Thought-Pourri: Sheepish Summer Edition

A very happy First Day of Summer to you, gentle reader. This is definitely not my favorite season, but fortunately even as those of us in the capital wilt under oppressive humidity, there’s still plenty of art news out there, since even as art auctions tend to tail off until the autumn, museum exhibition and announcement season tends to crank up during the summer holidays. So rest assured there will be plenty of stories for me to share with you, even as I remain wary of this time of year and try to stay in the air conditioning as long as possible.

An example is news surrounding the legendary Ghent Altarpiece, created in the 15th century by the brothers Hubert and Jan van Eyck. Regular readers will recall that I’ve written about it before, and it’s the subject of a fascinating 2012 book by Noah Charney. Unusually, two major stories about it have broken in the past week.

The first involves a possible location for the two missing panels of the altarpiece, a mystery which I mentioned in my earlier post and which Charney discusses at length in his book. The second involves the ongoing cleaning and restoration, which has resulted in a rather new, rather ugly appearance for the Agnus Dei which stands at the center of the lower panel. At some point in the past, someone decided that the Van Eyck version was rather unpleasant to look at, and painted a more docile, pleasant looking face over top of the original. While I’m all for authenticity in art, I’m not sure that the removal of this particular bit of overpaint has actually improved the picture.

Baa

Gutted in Glasgow

Just last week, I drew your attention to the work of Charles Rennie Mackintosh, the early 20th century Scottish artist, architect, and designer, as the world marks his 150th birthday. Three days later, one of his greatest masterpieces was, for all practical purposes, destroyed. As restoration was nearing completion following a devastating fire back in 2014, Mackintosh’s seminal Glasgow School of Art caught fire this past Friday, and this time it looks to be a total loss. Sorting out the blame and what to do next will take some time, but reports indicate that there may be little left to save. This is a tragic, highly significant loss for world architecture.

Glasgow

Worrying in Worcester

A piece I spotted in yesterday’s Art Net is worth reading and thinking about, as it stirs up some uncomfortable truths about art, with respect to those represented in it, the artists themselves, and those charged with displaying and interpreting it. The piece is largely focused on a new series of placards at the Worcester Art Museum in Massachussetts, identifying the ties of some of those depicted in the museum’s Early American portraits collection to the slave trade. By way of conclusion, the article also points out that some institutions are debating whether works by Picasso, Schiele, and others should bear labels detailing the moral culpability of the artists themselves. I leave it to the reader to determine whether the selective pinning of scarlet letters to works of art is ultimately an advisable course of action.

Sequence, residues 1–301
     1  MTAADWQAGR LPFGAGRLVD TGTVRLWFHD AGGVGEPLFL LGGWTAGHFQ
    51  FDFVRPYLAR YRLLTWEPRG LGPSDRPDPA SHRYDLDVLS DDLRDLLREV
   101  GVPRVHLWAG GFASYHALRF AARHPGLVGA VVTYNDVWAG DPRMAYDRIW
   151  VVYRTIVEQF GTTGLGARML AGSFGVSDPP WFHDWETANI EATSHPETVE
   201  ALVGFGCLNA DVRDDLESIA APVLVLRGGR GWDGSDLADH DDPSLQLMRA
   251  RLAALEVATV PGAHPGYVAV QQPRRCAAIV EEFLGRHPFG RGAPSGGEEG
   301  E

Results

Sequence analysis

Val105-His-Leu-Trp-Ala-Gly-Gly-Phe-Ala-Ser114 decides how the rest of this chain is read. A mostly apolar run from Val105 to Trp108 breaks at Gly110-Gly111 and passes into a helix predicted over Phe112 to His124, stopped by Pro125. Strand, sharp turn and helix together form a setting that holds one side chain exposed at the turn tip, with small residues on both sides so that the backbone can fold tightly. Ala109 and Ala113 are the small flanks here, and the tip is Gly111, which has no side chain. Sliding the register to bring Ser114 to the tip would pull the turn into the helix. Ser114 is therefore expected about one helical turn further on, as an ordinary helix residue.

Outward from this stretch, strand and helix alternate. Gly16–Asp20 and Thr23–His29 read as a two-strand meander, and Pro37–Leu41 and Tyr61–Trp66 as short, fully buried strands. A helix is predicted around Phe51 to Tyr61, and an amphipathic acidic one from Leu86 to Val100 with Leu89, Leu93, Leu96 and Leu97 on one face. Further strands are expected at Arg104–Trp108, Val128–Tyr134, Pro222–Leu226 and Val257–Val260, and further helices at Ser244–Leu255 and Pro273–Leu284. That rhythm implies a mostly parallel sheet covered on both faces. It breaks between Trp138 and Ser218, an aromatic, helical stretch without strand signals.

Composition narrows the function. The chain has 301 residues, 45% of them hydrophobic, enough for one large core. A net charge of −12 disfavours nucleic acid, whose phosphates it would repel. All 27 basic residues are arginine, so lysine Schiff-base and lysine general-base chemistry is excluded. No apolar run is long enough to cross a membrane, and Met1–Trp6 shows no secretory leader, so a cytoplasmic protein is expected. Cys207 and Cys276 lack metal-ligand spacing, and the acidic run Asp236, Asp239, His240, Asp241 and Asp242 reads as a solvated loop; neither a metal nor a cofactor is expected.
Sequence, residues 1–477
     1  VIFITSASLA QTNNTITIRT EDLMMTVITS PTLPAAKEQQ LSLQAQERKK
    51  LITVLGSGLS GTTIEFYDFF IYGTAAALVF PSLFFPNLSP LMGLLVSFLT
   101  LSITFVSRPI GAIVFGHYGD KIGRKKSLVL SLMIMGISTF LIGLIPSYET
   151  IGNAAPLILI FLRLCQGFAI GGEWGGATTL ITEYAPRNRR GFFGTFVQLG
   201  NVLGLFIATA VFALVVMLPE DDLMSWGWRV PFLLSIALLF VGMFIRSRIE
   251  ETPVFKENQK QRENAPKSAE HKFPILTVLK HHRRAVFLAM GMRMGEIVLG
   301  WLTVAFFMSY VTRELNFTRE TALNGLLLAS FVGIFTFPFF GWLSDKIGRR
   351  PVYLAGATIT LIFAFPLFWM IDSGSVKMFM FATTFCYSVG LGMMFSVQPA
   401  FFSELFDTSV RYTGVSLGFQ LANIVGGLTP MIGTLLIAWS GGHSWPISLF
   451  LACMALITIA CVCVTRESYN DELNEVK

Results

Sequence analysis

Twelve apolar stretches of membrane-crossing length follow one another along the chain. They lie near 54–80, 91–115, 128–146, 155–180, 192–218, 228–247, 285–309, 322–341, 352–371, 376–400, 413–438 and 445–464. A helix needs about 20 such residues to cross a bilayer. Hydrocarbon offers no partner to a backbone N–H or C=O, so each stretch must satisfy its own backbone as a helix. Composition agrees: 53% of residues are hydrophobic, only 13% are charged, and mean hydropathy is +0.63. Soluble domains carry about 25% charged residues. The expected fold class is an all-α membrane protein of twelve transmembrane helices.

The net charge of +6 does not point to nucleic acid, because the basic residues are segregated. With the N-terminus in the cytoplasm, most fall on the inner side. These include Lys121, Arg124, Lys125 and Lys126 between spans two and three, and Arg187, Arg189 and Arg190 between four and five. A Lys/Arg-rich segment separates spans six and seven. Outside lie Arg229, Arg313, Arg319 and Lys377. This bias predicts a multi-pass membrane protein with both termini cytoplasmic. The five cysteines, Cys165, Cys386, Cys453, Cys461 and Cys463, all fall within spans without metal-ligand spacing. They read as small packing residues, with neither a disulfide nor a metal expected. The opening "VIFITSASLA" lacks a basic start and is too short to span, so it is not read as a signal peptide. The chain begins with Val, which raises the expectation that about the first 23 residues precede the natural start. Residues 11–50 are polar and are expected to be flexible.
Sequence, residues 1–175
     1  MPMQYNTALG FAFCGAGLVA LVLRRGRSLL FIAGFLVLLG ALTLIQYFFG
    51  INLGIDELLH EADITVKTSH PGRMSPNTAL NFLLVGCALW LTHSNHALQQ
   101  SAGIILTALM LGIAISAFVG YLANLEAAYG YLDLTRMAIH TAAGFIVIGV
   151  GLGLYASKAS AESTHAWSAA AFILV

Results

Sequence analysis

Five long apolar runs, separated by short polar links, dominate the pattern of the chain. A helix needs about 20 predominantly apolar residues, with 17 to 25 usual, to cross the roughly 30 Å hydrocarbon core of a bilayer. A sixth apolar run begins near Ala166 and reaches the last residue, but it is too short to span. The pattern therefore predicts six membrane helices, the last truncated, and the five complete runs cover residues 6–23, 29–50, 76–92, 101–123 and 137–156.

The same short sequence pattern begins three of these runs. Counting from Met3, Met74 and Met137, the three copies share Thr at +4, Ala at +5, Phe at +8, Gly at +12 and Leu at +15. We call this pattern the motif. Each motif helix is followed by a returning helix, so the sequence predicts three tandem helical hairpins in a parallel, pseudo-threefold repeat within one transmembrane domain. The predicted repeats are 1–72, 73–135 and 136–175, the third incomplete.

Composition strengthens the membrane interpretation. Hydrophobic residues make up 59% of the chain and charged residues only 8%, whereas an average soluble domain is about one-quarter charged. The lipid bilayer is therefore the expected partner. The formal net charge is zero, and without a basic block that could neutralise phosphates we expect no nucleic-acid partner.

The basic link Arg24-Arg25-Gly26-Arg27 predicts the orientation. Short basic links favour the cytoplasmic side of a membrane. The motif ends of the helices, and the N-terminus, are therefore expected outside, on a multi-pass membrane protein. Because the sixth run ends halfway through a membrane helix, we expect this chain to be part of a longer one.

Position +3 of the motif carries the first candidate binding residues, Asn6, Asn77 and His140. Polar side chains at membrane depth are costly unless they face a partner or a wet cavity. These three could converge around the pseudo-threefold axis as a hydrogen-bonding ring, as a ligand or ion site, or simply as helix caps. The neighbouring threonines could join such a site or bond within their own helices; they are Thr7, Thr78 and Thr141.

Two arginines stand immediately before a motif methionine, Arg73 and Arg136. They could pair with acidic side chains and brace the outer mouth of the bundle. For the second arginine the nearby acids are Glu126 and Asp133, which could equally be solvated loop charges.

Orne

Outstanding in Oklahoma

I’ve never been to the great state of Oklahoma, but for those of you who find yourselves there between now and September 9th, the must-see at the Oklahmoa City Art Museum is what looks to be a terrific exhibition by Contemporary Artist Isabelle de Borchrave. “Fashioning Art from Paper” is a retrospective of the Belgian artist’s work, in which she creates intricate, life-sized paper costumes based on both works of art and fashion created over the past five centuries. Among the standouts in the section dedicated to the court of the Medici in Florence is this astonishing recreation of the costume worn by the young Lorenzo de Medici in Benozzo Gozzoli’s famous “The Journey of the Magi” (1459) from the Magi Chapel at the Palazzo Medici Riccardi in Florence.

Lore

Advertisements

Art Crime: As Forgers Gallop Ahead, Are We Falling Back?

I want to draw your attention, gentle reader, to this rather lengthy, but fascinating article in The Guardian about the increasing problem of art forgery, and how some are addressing this issue.

Although much of the piece focuses on the rather surprising situation of an art forger joining the ranks of legitimate art experts, which is perhaps not unlike how hackers are co-opted by government authorities to go after other hackers, there are deeper, more complex issues raised by the piece as well. The article reveals, as I’ve written about for quite some time, how a decline in the technical quality of works of art created over the past century has made it increasingly easier for forgers to create and sell fakes. At the same time, when it comes to pre-Modern works of art, a corresponding decline in art scholarship has made the faking of such works a somewhat easier affair as well, since there are fewer people around capable of disputing their authenticity.

The astronomically high prices being paid for Modern and Contemporary works of art are a natural draw for the criminal classes. In addition, because the materials used by Modern and Contemporary artists are more readily available than the materials used by artists in previous centuries, there is a greater possibility for the forger of Modern and Contemporary Art to escape detection. Moreover, as The Guardian almost, but not quite, admits in the article, this type of crime has become easier because the common criticism of much of 20th century art – “My kid could do that” – has a ring of truth to it.

“…many forgers are sensibly choosing to falsify 20th-century painters, who used paints and canvases that can still be obtained, and whose abstractions are easier to imitate. “The technical skill needed to forge a Leonardo is colossal, but with someone like Modigliani, it isn’t,” she said. “Now, scholars will say it’s easy to distinguish, but the fact is that it’s just not that easy at all.” In January, in a celebrated Modigliani exhibition in Genoa, 20 out of 21 paintings were revealed to be counterfeits.” [emphasis added]